Photo Credit – Malmö Redhawks
The town of Helsingborg is a town of contrast. Survey it from the towers of Hamlet’s Castle, just three miles away in Denmark across the Øresund Strait, and you see both plumes of smoke and an industrial cargo port, as well as beautiful old buildings and rolling Swedish countryside. Anton Olsson is a son of Helsingborg, and his game mirrors the town. His transition play is akin to those rolling hills, while the rest of his game is utilitarian, much like one of the busiest ports in the world, just a stone’s throw from where he was born.
Helsingborg and the Øresund Strait have another indelible mark in history. Historically the waterway was close to impenetrable. A narrow stretch that could be defended and controlled. Which enabled Denmark and Sweden to control entry to the Baltic, something that was both financially and strategically profitable for them. It is only apt that Olsson, therefore, is a defenseman, and looks to follow Hampus Lindholm and Andreas Lilja from the mouth of the Baltic all the way across the pond.
The young Skåne native is already well on his way. He has shone at u-16 and u-17 international level, been one of the best defensemen at u-16, u-18 and u-20 domestic junior level, and is now holding his own in the SHL. In fact, at the time of writing Olsson has played over 16 minutes in his last two games in the world’s third best league, and just picked up his first point in Sweden’s top tier.
D.O.B – January 26, 2003
Nationality – Sweden
Draft Eligibility – 2021
Weight –183 lbs
Position – Defense
Handedness – Left
Olsson’s Style Of Play
When it comes to the modern NHL the skill that is almost essential, especially for defensemen, is skating ability. That foundation is something that is already strongly cemented in place with Olsson. Not only is he mobile with good agility, he also has above average speed when in stride. His lateral ability and acceleration also allow him to get into open ice in all three zones with aplomb. He pivots well, and also possesses good backwards skating skill. All-in-all, a good four-way skater. The only minor issue is that Helsingborg native can get too wide and drift at times.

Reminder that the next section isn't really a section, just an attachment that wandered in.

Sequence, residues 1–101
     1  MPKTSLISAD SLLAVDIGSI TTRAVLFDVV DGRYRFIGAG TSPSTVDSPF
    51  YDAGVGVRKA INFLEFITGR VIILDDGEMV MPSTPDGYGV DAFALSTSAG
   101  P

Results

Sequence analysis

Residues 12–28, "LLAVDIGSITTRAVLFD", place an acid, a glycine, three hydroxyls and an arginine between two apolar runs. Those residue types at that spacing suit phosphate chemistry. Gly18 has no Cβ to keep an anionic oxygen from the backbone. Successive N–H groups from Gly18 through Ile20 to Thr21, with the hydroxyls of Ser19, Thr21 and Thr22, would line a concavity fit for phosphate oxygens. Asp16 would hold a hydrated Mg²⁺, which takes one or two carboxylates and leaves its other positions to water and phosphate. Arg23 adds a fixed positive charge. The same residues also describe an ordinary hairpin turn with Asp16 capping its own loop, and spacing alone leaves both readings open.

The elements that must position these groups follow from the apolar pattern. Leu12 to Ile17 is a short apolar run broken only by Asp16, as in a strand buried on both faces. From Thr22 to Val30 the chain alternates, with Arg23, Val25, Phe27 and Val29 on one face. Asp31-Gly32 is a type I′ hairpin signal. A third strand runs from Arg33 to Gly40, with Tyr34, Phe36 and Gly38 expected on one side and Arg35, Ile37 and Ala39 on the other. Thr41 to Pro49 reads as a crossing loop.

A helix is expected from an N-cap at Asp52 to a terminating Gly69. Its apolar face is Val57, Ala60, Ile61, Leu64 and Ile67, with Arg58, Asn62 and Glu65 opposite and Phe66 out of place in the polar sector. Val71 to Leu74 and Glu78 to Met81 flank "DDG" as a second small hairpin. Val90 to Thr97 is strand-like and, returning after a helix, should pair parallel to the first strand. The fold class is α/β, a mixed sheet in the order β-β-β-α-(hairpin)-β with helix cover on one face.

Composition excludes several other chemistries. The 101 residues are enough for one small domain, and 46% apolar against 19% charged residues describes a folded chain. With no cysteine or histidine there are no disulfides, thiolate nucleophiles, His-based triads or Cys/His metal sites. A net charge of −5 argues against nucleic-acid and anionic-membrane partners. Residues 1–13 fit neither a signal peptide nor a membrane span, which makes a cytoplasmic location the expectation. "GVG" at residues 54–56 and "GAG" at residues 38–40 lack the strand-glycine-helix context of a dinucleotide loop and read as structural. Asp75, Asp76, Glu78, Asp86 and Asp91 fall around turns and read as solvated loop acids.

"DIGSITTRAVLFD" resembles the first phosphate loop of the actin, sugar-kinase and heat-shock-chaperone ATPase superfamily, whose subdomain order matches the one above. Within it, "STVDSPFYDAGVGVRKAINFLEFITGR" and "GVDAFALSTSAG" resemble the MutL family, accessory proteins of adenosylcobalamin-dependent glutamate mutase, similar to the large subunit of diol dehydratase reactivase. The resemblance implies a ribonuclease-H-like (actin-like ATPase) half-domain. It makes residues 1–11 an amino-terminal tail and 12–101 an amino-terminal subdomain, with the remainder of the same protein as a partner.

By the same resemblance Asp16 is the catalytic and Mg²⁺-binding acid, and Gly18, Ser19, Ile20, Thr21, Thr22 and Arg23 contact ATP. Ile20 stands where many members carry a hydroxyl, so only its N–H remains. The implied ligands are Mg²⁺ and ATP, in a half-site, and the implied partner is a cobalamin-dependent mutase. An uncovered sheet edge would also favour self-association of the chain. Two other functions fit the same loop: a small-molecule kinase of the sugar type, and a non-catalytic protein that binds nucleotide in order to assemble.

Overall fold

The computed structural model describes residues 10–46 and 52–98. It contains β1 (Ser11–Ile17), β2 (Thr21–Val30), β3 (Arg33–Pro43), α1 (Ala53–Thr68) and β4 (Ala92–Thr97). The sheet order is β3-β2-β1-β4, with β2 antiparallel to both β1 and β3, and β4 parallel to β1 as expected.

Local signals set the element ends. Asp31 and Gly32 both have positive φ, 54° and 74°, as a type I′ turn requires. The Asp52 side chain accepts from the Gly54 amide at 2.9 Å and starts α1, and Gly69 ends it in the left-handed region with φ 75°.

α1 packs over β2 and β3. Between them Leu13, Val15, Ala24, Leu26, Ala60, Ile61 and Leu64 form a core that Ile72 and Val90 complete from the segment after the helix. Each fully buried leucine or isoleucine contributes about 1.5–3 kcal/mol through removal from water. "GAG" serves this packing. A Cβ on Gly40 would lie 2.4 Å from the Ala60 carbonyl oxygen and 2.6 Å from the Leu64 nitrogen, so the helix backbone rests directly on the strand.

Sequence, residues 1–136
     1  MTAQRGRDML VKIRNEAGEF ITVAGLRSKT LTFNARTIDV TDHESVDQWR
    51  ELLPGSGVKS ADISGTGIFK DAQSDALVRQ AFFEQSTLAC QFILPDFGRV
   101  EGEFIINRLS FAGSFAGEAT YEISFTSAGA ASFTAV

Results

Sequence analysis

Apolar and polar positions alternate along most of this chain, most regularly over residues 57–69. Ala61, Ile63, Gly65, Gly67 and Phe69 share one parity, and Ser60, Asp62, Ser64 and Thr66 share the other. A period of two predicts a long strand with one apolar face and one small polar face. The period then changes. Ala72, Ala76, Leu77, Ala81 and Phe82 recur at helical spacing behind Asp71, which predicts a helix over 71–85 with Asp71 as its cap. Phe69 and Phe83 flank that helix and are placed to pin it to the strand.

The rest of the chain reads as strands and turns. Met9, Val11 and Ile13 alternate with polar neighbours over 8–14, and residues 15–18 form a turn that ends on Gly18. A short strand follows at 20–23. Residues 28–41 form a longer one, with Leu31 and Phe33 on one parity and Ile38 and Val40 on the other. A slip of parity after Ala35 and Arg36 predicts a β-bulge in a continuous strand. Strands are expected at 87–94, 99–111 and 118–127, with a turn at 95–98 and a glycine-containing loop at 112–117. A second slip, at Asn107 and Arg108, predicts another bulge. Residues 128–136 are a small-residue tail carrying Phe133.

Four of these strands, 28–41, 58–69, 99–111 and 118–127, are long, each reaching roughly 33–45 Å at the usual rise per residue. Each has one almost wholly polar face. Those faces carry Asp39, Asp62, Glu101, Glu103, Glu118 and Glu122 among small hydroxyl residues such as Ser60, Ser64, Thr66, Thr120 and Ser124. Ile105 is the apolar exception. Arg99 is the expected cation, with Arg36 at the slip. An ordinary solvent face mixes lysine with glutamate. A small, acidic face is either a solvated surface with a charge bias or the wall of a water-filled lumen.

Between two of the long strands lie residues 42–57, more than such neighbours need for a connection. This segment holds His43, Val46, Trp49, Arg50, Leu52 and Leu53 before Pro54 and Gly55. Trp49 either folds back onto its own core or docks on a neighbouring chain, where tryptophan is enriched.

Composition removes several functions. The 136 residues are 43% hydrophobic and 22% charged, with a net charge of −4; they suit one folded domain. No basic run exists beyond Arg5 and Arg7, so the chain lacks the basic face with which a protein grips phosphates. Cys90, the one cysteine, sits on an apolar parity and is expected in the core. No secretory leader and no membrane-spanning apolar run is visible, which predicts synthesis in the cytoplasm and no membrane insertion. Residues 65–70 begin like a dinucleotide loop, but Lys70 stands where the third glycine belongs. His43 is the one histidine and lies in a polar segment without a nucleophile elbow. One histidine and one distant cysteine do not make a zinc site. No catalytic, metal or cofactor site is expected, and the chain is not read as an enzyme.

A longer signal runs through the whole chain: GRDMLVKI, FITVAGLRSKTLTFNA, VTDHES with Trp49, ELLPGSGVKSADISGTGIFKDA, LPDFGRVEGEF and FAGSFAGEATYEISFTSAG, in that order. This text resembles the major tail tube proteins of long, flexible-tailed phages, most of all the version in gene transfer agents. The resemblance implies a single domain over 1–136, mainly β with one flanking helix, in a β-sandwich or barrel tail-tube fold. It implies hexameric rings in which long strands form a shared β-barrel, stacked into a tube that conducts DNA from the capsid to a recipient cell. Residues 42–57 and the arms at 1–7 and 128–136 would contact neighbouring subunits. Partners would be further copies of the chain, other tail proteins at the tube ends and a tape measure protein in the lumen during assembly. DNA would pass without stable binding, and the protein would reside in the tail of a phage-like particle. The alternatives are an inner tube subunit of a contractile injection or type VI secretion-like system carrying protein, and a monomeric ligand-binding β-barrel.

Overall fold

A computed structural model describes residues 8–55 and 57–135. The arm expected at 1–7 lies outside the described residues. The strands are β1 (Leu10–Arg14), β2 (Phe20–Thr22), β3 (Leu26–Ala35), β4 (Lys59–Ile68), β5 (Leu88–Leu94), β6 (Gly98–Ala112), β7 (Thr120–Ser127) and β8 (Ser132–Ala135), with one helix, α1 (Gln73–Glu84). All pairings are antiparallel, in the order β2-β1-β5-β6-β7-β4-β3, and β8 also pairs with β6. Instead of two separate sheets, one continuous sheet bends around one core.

As has been the case with the majority of defensemen Sweden has produced in the last 10 years, Olsson has a fantastic transition game. This area is a stand-out ability for him. Not only is he extremely confident carrying the puck, but he also has some skill, and can deke past opponents at speed. The result is that he can carve through a neutral zone and make opposition players get on their heels.
His skating and puck-skills, as you would expect, also benefit him in the defensive zone. Not only is Olsson extremely poised under pressure, but he utilizes his skating and hands well in order to get out of trouble and effect clean zone exits with regularity. From the defensive zone he generally sees the ice in-front of him well, and if there are no options for him to break-out himself he can be trusted to use his team-mates, and has an accurate outlet.
Olsson’s gap control is good, and his defensive IQ is a plus even at the SHL level. He rarely puts himself in difficult situations and is adept at separating players from the puck either with his stick or shoulder. While not overly physical he has no issue getting involved around the net and holds his own in such positions against men, despite usually giving up a weight advantage to most SHL forwards. The result of this combination of skills mean he is a trusted penalty killer at both junior level and for the national team.
So, the Malmö Redhawks defenseman can: skate, play defense, and carry a puck. How about up ice?